This step is unecessary if your goal is to have <k',b'|\Delta_{q\nu} V}|k, b> for all k, k' belonging to the ngkpt k-mesh associated to the input WFK. It is needed if you want to compute <k+q,b'|\Delta_{q\nu} V}|k, b> when

q belongs to a high-symmetry path.

The AbiPy workflow was designed for the later case i.e. visualization purposes.

I want the gkq elements in the full BZ,

Why do you need the gkq elements in the full BZ?

For visualization purposes or for computing integrals in the BZ?

The EPH code is in principe able to compute g(k, q) for all k and k'=k+q in the full BZ once you provide an input WFK file

and set eph_ngqp_file == ngkpt but there's no eph_task that is explicitly designed with this kind of operation in mind.

When we compute g(k, q) for all the k- and q-points in the "BZ", we assume the user wants to obtain physical observables

such as QP energies, phonon linewidths, etc but we never precompute and store all the e-ph matrix elements

in memory for performance reasons.

The BZ integration in k/q space of the |g|^2 terms is always done on the fly, possibly by multiple MPI processes.

Only the final results are presented to the user.

On the one hand, I understand that having the full g(k, q, ...) array stored on disk can be useful

if you want to produce cool 2d or 3d plots with |g(k, q)|^2 for fixed k/q or if you need to read the e-ph matrix elements to implement some kind of post-processing step in a high-level language.

On the other hand, writing all this stuff in parallel is not trivial and that's the reason why I would like

to have a better understanding of your problem.

which Abinit apparently all ready uses to calculate phonon linewidths on an arbitrary q-path.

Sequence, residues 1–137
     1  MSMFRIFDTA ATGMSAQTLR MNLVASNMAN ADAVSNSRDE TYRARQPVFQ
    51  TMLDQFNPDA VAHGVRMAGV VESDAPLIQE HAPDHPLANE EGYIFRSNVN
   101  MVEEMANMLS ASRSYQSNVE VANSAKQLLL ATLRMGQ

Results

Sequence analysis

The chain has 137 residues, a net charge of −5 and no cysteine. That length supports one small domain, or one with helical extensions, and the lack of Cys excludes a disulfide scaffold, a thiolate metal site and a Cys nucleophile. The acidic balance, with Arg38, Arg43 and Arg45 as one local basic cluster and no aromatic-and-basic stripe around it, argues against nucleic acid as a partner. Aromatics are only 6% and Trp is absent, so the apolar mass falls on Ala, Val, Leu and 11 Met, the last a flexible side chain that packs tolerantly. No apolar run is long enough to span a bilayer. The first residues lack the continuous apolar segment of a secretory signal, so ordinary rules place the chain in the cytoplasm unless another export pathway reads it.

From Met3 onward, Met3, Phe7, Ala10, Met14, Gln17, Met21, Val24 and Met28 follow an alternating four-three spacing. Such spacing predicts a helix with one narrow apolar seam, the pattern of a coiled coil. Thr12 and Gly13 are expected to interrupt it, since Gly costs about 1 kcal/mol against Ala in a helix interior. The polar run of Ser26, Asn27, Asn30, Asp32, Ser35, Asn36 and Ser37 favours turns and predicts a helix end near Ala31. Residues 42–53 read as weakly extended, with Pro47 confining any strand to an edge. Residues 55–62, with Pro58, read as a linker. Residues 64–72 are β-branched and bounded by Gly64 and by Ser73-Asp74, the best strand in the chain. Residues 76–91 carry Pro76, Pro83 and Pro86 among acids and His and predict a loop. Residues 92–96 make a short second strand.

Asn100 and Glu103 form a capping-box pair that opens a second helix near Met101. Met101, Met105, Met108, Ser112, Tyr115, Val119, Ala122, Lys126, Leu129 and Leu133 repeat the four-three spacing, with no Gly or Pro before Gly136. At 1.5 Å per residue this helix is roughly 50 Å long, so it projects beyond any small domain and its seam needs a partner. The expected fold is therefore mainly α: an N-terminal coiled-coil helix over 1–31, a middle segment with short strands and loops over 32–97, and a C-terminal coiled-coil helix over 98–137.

I just don't seem to be able to access the gkq elements.

Actually the phonon linewidths are interpolated using a Fourier-interpolation scheme similar in spirit to the one used for the dynamical matrix.

In a nuthshell, the code computes the phonon linewidths gamma(q) in the IBZ (actually a tensor from which one

can obtain the ph-linewidths but this is not relevant for the discussion).

Then we "rotate" the gamma(q) terms to get the values in the BZ. At this point we can do a q --> R Fourier transform to get gamma(R) in real space and then use the inverse transform to *Fourier interpolate* the signal at arbitrary q-points.

Note that e-ph matrix elements are not needed at this level.

You can interpolate the scattering potentials to obtain gamma(q) on a q-grid that is much denser than the one used at the DFPT level but the q-points still belong to a regular q-mesh so you need an extra level of interpolation

to go from the q-mesh to an *arbitrary* q-path.

I hope this addresses some of the questions raised in your previous posts.

Unfortunately, you are exploring parts of the EPH code that have been mainly used for our internal studies.

Some of these features are not fully documented and the API as well as the netcdf file formats may change in the near future.

We plan to write a tutorial explaining how to perform this kind of analysis but before doing that we need to polish a bit

our python scripts so that they can be easily used by other users.